CHUCK (VOICEOVER): In between jobs, Sam and Dean would sometimes get a day -- sometimes a week, if they were lucky. They'd pass the time lining their pockets. Sam used to insist on honest work, but now he hustles pool, like his brother. (Swan Song)

The show frames the boys' lifestyle as small-r romantic: life on the open road, beholden to no one, so far outside of society that even the economy can't touch them. But then there's this: Sam is discouraged and effectively prevented from paid, legal labor. Not only that, but he is the target of a decades-long shaming campaign for even harboring a desire to achieve some measure of financial independence. Because we need you here, because your home life is good and holy and the most! important! job! in! the world! How could you be so SELFISH, as to think you are ENTITLED to the level of self-determination that an education might earn you?


Now, of course the angels and demons were always going to make sure that long-term stability was out of their reach. But there's no realistic assessment of that fact, or a good-faith attempt to work something else out.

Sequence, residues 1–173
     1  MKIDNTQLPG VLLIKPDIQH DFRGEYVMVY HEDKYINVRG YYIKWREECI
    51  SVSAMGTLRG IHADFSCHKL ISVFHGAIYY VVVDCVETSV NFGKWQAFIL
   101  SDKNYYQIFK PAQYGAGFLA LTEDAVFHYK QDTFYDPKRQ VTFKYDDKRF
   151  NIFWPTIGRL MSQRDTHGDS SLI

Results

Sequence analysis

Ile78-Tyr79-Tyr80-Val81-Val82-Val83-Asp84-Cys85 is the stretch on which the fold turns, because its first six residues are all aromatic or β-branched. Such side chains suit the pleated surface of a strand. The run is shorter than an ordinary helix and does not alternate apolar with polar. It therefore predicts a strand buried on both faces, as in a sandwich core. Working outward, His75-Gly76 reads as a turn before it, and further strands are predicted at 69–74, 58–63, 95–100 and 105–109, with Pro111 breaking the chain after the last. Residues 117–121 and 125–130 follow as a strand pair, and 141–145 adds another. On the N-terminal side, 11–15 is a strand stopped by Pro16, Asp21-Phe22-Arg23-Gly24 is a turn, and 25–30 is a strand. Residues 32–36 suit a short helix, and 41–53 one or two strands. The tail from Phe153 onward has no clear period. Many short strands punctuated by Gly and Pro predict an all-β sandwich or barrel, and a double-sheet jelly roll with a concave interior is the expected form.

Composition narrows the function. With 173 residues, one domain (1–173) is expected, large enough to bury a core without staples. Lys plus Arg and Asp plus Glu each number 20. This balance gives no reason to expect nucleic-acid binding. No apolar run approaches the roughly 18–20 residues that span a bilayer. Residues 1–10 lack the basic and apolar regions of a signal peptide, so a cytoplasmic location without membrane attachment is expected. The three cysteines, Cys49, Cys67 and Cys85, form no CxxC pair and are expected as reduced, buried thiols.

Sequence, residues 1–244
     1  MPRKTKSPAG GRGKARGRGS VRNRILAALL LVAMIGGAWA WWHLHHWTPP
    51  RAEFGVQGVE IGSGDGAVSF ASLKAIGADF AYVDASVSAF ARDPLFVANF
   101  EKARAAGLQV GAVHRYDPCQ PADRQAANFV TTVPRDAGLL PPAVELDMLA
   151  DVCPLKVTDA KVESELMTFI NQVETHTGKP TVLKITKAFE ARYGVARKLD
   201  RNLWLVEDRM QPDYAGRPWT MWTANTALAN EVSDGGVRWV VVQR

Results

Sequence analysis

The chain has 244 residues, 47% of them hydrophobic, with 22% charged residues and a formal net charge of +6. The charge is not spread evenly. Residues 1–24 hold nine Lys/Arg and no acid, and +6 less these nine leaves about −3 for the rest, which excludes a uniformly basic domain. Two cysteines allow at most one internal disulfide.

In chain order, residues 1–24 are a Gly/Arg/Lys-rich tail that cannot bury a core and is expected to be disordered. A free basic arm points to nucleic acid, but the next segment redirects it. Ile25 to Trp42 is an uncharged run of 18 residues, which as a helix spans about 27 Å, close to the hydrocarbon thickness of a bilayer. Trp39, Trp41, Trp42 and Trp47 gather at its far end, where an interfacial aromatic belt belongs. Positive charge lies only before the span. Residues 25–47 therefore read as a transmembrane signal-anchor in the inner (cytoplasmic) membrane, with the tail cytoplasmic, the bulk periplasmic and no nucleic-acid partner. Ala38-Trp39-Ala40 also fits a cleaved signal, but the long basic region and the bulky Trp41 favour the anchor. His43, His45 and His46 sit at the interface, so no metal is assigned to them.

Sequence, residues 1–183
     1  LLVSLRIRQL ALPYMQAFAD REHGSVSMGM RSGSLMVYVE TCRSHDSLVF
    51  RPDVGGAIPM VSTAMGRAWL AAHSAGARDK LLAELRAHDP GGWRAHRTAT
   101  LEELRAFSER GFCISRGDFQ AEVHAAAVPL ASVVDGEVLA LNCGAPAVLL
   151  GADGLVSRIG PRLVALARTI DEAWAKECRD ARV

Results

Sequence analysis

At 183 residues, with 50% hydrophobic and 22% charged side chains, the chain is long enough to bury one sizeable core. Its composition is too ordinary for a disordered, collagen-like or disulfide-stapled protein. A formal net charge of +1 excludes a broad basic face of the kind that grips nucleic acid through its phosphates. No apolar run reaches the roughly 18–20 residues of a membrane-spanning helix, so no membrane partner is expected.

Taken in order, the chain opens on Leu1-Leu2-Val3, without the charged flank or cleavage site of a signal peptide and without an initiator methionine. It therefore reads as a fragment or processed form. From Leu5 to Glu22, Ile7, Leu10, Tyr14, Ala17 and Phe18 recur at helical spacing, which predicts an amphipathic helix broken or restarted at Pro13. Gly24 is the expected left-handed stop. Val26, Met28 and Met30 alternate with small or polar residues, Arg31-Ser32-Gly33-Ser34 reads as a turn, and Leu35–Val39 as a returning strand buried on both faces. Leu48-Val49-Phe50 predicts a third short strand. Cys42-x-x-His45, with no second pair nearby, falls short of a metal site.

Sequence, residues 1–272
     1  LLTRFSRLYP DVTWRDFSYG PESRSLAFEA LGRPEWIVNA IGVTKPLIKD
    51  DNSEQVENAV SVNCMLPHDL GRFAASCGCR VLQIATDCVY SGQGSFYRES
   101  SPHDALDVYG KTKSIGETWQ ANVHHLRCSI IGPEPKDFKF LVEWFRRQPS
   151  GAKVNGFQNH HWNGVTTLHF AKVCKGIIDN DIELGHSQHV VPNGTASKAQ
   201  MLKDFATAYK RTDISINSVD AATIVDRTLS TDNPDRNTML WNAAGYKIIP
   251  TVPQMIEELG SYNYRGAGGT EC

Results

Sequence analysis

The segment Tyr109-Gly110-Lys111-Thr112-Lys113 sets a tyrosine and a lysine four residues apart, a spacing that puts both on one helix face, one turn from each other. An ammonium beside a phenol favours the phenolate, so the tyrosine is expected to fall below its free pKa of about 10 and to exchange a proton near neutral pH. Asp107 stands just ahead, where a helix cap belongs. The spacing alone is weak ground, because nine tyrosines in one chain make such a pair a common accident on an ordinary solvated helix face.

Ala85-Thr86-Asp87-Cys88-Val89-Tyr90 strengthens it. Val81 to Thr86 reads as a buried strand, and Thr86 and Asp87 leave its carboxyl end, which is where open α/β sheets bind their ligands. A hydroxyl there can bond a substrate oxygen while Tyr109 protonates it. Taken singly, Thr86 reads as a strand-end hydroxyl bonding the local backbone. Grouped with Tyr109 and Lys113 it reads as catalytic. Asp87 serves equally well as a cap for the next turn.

Does your partner limit your access to the phone? I've gone on about this a lot, but something that most people seem to miss about the phantom text in 8x9 is the fact that in creating his backup plan/revenge scheme, Dean at some point "a while back" took Amelia's number out of Sam's phone - that is to say, he cut Sam off from a potential support network. If Sam had missed her, or was having second thoughts about the life, or anything else, he could not have called her even if he'd wanted to. He would have gone to voicemail and never gotten a call back, and figured she never wanted to speak to him again. He could have emailed her, I suppose, but as early as 8x03 Dean was making a point of reading Sam's email. When someone is monitoring and controlling all your usual methods of correspondence with others, THAT IS A RED FLAG.

Does your partner limit your access to the car? Dean manages to do this even though they spent seven and a half seasons living in the car. Should they ever split up - on good or bad terms - Dean is the one who takes or keeps the Impala, leaving Sam to fend for himself. This is true even in, for example, episode 8x5, when Dean leaves Sam stranded out in a cabin in the middle of nowhere with only a mean barrage of insults as explanation.

Does he control where you go or what you do?

DEAN: Driver picks the music, shotgun shuts his cakehole. (Pilot)